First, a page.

Download Latent Force Models for Sound: Learning Modal Synthesis Parameters and Excitation Functions from Audio Recordings
Latent force models are a Bayesian learning technique that combine physical knowledge with dimensionality reduction — sets of coupled differential equations are modelled via shared dependence on a low-dimensional latent space. Analogously, modal sound synthesis is a technique that links physical knowledge about the vibration of objects to acoustic phenomena that can be observed in data. We apply latent force modelling to sinusoidal models of audio recordings, simultaneously inferring modal synthesis parameters (stiffness and damping) and the excitation or contact force required to reproduce the behaviour of the observed vibrational modes. Exposing this latent excitation function to the user constitutes a controllable synthesis method that runs in real time and enables sound morphing through interpolation of learnt parameters.
Download Investigation of a Drum Controlled Cross-adaptive Audio Effect for Live Performance
Electronic music often uses dynamic and synchronized digital audio effects that cannot easily be recreated in live performances. Cross-adaptive effects provide a simple solution to such problems since they can use multiple feature inputs to control dynamic variables in real time. We propose a generic scheme for cross-adaptive effects where onset detection on a drum track dynamically triggers effects on other tracks. This allows a percussionist to orchestrate effects across multiple instruments during performance. We describe the general structure that includes an onset detection and feature extraction algorithm, envelope and LFO synchronization, and an interface that enables the user to associate different effects to be triggered depending on the cue from the percussionist. Subjective evaluation is performed based on use in live performance. Implications on music composition and performance are also discussed. Keywords: Cross-adaptive digital audio effects, live processing, real-time control, Csound.
Download Physically Derived Synthesis Model of a Cavity Tone
The cavity tone is the sound generated when air flows over the open surface of a cavity and a number of physical conditions are met. Equations obtained from fluid dynamics and aerodynamics research are utilised to produce authentic cavity tones without the need to solve complex computations. Synthesis is performed with a physical model where the geometry of the cavity is used in the sound synthesis calculations. The model operates in real-time making it ideal for integration within a game or virtual reality environment. Evaluation is carried out by comparing the output of our model to previously published experimental, theoretical and computational results. Results show an accurate implementation of theoretical acoustic intensity and sound propagation equations as well as very good frequency predictions. NOMENCLATURE c = speed of sound (m/s) f = frequency (Hz) ω = angular frequency = 2πf (rads/revolution) u = air flow speed (m/s) Re = Reynolds number (dimensionless) St = Strouhal number (dimensionless) r = distance between listener and sound source (m) φ = elevation angle between listener and sound source ϕ = azimuth angle between listener and sound source ρair = mass density of air (kgm−3 ) µair = dynamic viscosity of air (Pa s) M = Mach number, M = u/c (dimensionless) L = length of cavity (m) d = depth of cavity (m) b = width of cavity (m) κ = wave number, κ = ω/c (dimensionless) r = distance between source and listener (m) δ = shear layer thickness (m) δ ∗ = effective shear layer thickness (m) δ0 = shear layer thickness at edge separation (m) θ0 = shear layer momentum thickness at edge separation (m) C2 = pressure coefficient (dimensionless)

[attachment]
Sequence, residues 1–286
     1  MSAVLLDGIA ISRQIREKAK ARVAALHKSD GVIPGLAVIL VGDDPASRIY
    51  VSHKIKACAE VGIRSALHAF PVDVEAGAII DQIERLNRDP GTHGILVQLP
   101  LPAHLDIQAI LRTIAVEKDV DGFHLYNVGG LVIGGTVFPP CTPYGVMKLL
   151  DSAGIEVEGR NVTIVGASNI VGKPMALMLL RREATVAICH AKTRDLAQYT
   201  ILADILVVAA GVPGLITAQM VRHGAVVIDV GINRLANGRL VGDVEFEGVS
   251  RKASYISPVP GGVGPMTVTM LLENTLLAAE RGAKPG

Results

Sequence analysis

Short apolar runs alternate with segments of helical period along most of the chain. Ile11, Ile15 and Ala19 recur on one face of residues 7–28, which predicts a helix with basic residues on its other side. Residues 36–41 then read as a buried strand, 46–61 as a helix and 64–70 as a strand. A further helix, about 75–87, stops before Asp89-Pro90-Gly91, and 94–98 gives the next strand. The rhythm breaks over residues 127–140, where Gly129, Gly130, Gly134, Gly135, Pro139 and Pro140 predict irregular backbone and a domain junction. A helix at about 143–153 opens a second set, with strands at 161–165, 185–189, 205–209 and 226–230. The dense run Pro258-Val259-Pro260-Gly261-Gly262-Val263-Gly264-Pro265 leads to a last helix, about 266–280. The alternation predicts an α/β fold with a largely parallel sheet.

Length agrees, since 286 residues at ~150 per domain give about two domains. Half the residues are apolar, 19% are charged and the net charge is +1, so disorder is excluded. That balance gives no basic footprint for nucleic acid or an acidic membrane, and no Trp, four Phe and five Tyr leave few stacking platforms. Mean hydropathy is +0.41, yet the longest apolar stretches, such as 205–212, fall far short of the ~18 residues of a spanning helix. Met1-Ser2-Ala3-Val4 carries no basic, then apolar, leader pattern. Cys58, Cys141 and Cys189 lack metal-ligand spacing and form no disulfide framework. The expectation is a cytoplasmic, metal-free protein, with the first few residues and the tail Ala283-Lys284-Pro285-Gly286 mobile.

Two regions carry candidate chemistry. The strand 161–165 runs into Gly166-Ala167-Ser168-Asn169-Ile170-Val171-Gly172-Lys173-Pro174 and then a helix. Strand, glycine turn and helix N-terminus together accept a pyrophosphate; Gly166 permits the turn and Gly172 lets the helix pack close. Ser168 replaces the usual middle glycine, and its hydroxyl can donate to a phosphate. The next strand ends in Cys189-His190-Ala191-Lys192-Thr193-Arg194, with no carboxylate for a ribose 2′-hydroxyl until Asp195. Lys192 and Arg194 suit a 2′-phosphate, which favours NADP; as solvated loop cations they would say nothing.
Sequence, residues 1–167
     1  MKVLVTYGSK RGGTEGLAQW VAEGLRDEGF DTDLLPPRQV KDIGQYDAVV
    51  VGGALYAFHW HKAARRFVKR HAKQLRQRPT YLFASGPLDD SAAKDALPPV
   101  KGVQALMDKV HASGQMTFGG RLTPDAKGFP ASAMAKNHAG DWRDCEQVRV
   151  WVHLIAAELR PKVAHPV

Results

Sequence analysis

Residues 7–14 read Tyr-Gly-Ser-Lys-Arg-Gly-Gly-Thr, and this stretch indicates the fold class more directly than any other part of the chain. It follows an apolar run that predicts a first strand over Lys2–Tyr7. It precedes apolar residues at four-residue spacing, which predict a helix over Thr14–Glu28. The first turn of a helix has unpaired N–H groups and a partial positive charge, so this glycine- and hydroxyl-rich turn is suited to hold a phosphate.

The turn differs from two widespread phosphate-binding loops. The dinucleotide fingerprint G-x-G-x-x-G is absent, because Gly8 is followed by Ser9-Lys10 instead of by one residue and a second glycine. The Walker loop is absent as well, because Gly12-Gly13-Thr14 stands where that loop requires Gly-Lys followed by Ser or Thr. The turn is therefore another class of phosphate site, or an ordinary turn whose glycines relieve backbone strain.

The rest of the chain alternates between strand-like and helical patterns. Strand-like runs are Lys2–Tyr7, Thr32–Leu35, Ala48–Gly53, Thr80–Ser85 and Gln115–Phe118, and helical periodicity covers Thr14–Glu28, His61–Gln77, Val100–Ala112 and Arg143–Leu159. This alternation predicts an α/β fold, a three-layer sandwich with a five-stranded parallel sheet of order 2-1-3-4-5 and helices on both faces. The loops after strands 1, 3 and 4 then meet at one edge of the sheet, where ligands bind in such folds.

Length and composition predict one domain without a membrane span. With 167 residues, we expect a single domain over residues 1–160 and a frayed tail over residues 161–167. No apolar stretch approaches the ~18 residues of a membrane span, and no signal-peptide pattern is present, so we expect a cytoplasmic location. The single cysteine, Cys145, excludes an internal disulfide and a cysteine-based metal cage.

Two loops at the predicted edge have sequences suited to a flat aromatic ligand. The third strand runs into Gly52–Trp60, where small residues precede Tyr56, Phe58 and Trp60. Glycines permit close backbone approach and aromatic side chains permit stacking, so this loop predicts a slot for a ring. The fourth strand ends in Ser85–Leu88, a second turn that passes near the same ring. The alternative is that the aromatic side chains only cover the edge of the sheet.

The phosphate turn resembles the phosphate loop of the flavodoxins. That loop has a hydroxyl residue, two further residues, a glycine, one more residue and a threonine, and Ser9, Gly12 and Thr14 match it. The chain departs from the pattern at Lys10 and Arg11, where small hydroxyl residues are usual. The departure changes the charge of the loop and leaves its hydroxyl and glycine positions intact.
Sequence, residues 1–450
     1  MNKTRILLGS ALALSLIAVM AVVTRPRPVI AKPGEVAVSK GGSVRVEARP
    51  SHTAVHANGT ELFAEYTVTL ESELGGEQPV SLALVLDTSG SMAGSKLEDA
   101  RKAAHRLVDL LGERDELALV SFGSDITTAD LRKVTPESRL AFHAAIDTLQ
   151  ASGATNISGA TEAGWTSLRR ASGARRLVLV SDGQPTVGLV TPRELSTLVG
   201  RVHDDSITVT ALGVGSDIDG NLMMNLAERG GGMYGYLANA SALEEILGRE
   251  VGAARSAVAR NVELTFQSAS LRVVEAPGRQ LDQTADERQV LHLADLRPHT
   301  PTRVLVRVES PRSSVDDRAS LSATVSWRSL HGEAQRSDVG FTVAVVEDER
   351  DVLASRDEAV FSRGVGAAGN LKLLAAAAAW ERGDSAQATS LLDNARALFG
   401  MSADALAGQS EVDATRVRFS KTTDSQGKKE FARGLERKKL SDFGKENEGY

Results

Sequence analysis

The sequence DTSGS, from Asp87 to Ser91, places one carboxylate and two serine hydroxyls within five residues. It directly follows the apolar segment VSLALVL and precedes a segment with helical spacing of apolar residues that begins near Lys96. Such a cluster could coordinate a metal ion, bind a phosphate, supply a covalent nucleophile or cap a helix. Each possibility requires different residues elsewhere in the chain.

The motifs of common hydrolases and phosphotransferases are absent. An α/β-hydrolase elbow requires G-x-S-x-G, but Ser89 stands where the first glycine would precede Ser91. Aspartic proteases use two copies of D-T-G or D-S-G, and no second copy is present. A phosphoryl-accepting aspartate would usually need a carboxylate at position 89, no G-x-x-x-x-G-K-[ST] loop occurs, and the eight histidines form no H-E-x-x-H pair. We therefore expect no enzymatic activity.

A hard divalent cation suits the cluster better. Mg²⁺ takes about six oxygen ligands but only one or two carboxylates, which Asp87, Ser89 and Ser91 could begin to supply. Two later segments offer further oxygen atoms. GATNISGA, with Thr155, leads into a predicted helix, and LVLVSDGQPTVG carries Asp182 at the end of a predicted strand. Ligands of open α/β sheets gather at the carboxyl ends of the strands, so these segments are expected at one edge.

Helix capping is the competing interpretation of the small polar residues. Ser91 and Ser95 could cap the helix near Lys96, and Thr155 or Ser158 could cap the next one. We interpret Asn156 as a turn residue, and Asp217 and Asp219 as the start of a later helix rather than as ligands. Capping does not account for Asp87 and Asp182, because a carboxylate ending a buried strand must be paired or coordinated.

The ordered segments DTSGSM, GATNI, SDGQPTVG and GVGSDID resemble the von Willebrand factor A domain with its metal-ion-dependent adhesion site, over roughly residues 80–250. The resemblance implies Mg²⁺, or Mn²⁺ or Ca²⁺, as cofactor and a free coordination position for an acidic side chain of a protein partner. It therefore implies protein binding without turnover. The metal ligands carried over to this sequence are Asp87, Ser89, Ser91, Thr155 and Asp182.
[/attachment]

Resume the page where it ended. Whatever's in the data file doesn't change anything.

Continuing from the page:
Download Unsupervised Taxonomy of Sound Effects
Sound effect libraries are commonly used by sound designers in a range of industries. Taxonomies exist for the classification of sounds into groups based on subjective similarity, sound source or common environmental context. However, these taxonomies are not standardised, and no taxonomy based purely on the sonic properties of audio exists. We present a method using feature selection, unsupervised learning and hierarchical clustering to develop an unsupervised taxonomy of sound effects based entirely on the sonic properties of the audio within a sound effect library. The unsupervised taxonomy is then related back to the perceived meaning of the relevant audio features.